Toast plus toppings
The exact toppings depend on you, but toast is always an easy go-to depression meal. Some easy but still nutritious toppings include:
- Peanut butter with or without banana/apple
- Fried egg (or scrambled – which you can even do in the microwave)
- Sliced or shaved deli chicken
Pre-mixed salads are more expensive, sure. But they’re significantly less effort and make a good depression meal when you need something nutritionally sound. Especially if they come in a sturdy bag or container, you can simply open and eat. You can also add in a tin of tuna or deli ham and some salad dressing to bulk it up a bit.
When you are living with chronic pain, smoothies can help you feel healthier, and can also be an easy depression meal.
No need to chop – just throw any fruit you have in the blender (pro tip: frozen berries are great to have on hand for this) with yoghurt, milk, or water. Bonus points for protein powder or leafy greens, but they’re not strictly necessary.
If you have a Nutribullet or something similar, you don’t even need to put the smoothie into a separate glass or cup. A blender is a great gadget to have in your kitchen – and did you know there are tons more everyday gadgets that can help people with disability lead a more independent life?
Moderate effort meals
There are days when you can just about imagine eating or cooking something, but aren’t feeling like doing tons of chopping, slicing, mixing, and general preparation. Nor do you want to spend hours monitoring your food.
If you’re looking for depression meals or easy dishes to make when living with chronic pain that are a little more involved than those above, but that can be easily whipped up with minimal preparation, these should fit the bill.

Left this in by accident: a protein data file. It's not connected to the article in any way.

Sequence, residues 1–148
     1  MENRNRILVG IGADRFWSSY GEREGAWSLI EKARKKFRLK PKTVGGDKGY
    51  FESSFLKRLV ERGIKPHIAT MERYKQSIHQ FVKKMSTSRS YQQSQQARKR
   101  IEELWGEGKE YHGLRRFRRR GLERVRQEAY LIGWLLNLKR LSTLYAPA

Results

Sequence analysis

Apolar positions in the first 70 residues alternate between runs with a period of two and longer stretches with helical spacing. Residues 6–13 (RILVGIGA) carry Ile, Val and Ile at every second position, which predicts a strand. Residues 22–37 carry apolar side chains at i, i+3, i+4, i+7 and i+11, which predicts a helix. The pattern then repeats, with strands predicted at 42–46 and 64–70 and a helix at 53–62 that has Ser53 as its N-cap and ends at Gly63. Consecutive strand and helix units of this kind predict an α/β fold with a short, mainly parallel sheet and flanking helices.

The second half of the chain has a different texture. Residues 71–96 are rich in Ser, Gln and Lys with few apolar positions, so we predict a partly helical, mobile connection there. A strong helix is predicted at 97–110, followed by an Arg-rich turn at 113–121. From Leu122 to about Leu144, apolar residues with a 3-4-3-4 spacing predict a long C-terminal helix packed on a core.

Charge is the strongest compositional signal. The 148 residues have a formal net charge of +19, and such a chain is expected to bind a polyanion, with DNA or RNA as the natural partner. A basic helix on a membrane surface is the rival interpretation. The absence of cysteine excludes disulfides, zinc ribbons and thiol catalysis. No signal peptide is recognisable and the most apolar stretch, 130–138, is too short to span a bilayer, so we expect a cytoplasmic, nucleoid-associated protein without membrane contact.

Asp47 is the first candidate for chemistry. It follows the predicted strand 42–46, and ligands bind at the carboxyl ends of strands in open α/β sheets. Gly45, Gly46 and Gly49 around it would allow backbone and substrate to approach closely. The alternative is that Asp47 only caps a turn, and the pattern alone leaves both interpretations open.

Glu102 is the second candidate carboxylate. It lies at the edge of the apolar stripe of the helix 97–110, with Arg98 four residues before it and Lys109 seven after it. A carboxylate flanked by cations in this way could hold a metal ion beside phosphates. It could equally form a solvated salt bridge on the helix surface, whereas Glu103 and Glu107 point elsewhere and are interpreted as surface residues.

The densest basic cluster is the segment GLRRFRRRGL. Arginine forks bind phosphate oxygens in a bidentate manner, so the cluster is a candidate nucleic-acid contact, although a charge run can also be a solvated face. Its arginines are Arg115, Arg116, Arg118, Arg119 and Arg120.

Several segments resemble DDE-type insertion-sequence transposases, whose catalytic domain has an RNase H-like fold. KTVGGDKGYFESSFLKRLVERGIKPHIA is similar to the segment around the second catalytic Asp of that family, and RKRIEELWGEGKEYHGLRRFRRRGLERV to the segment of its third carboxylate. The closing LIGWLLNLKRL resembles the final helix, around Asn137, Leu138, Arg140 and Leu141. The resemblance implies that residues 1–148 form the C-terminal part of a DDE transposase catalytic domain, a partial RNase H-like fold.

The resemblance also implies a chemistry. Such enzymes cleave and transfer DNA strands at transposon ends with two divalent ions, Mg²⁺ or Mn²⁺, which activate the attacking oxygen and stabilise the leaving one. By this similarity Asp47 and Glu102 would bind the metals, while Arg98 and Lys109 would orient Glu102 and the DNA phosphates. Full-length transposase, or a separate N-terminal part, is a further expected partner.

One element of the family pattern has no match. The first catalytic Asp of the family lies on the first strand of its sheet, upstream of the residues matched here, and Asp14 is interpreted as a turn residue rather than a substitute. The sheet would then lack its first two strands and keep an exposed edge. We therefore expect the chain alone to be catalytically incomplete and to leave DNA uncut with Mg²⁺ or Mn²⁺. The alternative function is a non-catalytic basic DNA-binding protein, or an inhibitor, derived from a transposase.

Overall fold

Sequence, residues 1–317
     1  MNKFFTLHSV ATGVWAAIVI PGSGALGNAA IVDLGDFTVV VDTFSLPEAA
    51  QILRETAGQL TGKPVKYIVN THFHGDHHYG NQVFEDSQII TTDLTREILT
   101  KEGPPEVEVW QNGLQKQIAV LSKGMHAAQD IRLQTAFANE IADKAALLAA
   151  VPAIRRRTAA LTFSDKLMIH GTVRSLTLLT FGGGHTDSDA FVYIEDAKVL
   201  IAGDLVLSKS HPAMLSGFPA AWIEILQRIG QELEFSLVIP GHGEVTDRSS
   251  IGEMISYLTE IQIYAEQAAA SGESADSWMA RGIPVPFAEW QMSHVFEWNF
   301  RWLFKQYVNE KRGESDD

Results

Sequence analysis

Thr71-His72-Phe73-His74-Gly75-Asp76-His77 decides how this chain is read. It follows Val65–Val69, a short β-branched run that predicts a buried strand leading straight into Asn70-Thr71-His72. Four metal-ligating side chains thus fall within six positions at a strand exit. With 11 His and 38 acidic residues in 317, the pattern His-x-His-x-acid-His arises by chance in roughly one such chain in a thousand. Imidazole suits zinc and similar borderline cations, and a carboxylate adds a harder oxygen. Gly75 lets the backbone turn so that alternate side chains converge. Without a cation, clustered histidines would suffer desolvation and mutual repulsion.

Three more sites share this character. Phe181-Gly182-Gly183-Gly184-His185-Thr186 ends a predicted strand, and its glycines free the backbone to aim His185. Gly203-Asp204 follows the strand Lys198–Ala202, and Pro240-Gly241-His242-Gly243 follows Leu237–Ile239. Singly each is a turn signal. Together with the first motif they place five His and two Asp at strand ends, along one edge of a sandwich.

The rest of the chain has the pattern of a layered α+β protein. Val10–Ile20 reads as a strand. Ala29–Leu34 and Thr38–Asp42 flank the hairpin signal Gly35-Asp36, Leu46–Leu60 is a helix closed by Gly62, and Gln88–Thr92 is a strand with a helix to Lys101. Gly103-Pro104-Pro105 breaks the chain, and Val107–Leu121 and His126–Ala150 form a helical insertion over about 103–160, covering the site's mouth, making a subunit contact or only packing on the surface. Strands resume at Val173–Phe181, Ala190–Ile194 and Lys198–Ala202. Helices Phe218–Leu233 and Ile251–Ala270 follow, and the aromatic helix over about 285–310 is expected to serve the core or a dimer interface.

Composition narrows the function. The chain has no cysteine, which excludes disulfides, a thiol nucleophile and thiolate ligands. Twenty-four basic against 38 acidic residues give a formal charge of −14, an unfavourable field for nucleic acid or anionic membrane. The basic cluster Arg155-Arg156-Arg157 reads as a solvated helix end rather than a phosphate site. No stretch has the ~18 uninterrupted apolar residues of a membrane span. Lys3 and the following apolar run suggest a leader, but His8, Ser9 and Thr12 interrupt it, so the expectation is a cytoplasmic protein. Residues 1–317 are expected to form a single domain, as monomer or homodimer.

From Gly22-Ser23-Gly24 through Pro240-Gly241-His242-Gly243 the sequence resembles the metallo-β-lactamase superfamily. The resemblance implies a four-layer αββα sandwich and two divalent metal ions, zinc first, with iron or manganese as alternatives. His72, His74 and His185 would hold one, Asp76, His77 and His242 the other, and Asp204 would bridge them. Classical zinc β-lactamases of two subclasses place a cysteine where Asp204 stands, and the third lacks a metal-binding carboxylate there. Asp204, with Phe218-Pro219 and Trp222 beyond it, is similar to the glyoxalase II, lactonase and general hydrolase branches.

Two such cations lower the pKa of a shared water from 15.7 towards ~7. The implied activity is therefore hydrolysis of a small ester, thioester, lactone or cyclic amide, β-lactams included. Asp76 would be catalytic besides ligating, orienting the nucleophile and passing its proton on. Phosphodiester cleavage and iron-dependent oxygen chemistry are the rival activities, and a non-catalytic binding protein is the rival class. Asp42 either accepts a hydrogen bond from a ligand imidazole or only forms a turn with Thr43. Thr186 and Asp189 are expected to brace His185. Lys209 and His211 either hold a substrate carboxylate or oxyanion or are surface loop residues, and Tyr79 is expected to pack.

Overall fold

Baked potatoes can be done with hardly any effort at all. Just poke a couple of holes, then throw them in the oven or air fryer for half an hour or so until done.
The toppings can be whatever you have in the house, including:
- Tuna or chicken mayo
- Sour cream or cheese
- Bacon (which you can put in the oven at the same time as the potato, if you want)
We’re not suggesting you whip up a full-on pancetta, garlic, and parmesan sauce for your carbonara. But you can do something vaguely similar with minimal effort.
Just boil some pasta, drain it, take it off the heat then crack two eggs into the pan and stir them in with some ham, salt and pepper. If you’re feeling fancy, you can add some cheese too.
Of course, you can also just boil pasta and throw in sauce from a jar too.
Chicken pieces and vegetables
This one is straying into actual cooking territory but is still really easy to do if you have a bit more energy.
First, put chicken pieces and pre-cut roasting vegetables into an oven dish. Add oil, salt, and pepper (or some kind of sauce in a jar) and bake them in the oven for 45 minutes. You may even want to add microwave rice after baking or the easy-cook couscous we mentioned earlier.
Remember, if you’re living with disability, you might qualify for one of Blue Badge Insurance’s specialised offerings. We offer insurance for your mobility equipment like wheelchairs, as well as insurance for wheelchair accessible vehicles and disability converted cars.
Plus, if you use accessible parking then we offer up to 25% discount on disability car insurance for disability parking permit holders.